Review: Eight Legged Freaks (2002)

Director: Ellory Elkayem / Warner Bros. Pictures

(Originally published on 3/3/2013)

                  From David Arquette’s Things-To-Do list…

1)     Gain some fame from Wes Craven films.
2)     Land Courtney Cox, lose her later.
3)     Make people remember I starred in Airheads; Make them forget I was in See Spot Run.
4)     Become WCW champion, ruin Eric Bischoff’s career.
5)     Make a monster movie that needs a hyphen in the title.
6)     Do some more Wes Craven Films.
7)     Check into rehab.

There’s something about David Arquette that David Arquette doesn’t quite understand: people like him. He’s the sort of guy you’d want to go for a beer with (if he still drank) and who you could just watch horror movies and wrestling with whilst sharing a pizza. He’s a lovable goof of a guy who oozes that “everyman” charm that Hollywood hates so much. Thankfully, he’s exactly what this B-movie homage needed to make it work.

The story is pure hokum: The down-on-it’s-luck mining town of Prosperity is shipping toxic waste about and a barrel falls into the local river. A farmer of exotic spiders captures some irradiated bugs and feeds them to his arachnid chums, and they promptly grow to colossal size, kill him and escape, wiping out all manner of animals (including ostriches) before setting their sights on the local townsfolk.

Thankfully, Arquette has arrived back in town convinced that his dead father’s tales of the mines housing a fortune in untapped gold are true. Before you know it, he’s the unlikely hero who’s romancing the town sheriff and climbing radio towers to try to get a signal to the outside world for help. The rest of the citizens (the ones who survive, anyway) take refuge in the local shopping mall and arm themselves as best as possible.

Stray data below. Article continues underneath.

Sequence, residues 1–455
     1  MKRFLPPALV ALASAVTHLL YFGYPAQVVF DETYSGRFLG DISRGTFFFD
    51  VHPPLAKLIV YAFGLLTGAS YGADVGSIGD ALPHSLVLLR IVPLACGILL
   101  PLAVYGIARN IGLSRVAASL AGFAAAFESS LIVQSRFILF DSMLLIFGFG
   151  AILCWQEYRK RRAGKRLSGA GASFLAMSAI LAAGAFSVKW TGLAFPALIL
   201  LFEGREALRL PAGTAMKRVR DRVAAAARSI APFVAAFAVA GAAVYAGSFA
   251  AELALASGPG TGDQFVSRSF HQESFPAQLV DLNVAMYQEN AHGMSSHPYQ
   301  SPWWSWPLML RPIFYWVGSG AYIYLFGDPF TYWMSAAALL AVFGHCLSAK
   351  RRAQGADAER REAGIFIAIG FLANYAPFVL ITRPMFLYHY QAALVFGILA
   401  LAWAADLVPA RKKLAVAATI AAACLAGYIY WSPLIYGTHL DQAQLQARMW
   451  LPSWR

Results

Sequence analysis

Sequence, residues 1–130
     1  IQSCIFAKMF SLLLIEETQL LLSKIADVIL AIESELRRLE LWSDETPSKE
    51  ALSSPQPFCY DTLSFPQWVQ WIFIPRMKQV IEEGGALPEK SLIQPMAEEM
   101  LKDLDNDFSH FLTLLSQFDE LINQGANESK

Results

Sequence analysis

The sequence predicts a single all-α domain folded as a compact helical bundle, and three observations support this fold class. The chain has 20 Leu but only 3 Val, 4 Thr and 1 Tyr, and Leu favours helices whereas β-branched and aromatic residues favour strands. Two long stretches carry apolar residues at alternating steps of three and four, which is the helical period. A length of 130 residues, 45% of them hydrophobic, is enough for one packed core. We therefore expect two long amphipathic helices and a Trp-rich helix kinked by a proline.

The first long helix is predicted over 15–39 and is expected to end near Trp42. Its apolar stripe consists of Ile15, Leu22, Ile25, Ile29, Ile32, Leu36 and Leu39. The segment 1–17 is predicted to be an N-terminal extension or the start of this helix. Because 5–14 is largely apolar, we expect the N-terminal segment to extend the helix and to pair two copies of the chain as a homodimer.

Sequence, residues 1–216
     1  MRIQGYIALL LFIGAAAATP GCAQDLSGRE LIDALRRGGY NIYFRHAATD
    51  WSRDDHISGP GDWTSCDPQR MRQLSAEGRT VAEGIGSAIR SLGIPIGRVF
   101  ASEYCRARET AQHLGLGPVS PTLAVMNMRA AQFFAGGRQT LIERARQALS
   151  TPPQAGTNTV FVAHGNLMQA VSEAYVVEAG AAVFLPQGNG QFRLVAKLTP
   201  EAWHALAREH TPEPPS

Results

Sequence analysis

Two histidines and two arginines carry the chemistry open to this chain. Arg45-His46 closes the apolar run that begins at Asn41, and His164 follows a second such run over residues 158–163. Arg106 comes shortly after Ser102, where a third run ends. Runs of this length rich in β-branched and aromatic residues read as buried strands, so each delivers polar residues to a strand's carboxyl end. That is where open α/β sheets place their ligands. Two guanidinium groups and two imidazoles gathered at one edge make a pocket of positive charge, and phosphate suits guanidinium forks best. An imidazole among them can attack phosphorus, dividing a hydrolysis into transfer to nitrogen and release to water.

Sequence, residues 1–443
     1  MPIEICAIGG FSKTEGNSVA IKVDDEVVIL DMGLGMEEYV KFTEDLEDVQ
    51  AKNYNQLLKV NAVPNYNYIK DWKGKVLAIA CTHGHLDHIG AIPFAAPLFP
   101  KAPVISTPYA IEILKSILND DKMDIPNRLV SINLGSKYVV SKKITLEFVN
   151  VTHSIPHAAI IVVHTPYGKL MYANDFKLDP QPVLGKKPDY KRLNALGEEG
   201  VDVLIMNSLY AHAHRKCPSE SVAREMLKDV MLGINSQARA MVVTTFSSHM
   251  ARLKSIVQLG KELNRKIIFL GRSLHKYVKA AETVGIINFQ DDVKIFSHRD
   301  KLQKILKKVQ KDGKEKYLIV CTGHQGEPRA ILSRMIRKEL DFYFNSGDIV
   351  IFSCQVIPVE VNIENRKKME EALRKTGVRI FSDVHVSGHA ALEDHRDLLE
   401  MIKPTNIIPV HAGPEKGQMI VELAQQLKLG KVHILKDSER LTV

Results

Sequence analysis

Of course, you can see the end coming a mile away. They explain early on that the mining tunnels are full of methane gas that could blow at any time, and we know that the spiders have made those tunnels their home. Three guesses for figuring out the ending of the movie, and the first two don’t count. Of course, the important thing is that everyone’s having fun here and you can just go along for the ride, right? Wrong.

This is a film that has as many cons as it does pros. It’s hard to tell if it’s a homage to monster B-movies or just an insult. What makes those old junkers so lovably funny is that the filmmakers were trying so hard to be serious. Instead, we’ve got a monster movie that set out to be funny, by putting silly squeaky people-noises on the spiders and by having set-pieces like a cat take on a spider inside a wall that shows the imprints of the fight like a cartoon.

For all that, it’s a fun romp. The townsfolk are bumbling morons and seeing them defend the local mall is brilliant. The effects are good, and things like the spider attack on some “Xtreme” bikers are well handled. Arquette is ably assisted by Doug E. Doug, Kari Wuhrer and a young Scarlett Johansson, and the film rolls along at a good pace.

Unfortunately, it doesn’t quite work as a horror film no matter how fun it is, it’s just too silly. If you’ve got a hankering for a scary spider movie, you’d be better off watching the far superior Arachnophobia, and if you want a good tribute to monster movies then watch Cloverfield or The Host. This movie is like Arquette himself: it just doesn’t quite understand itself.


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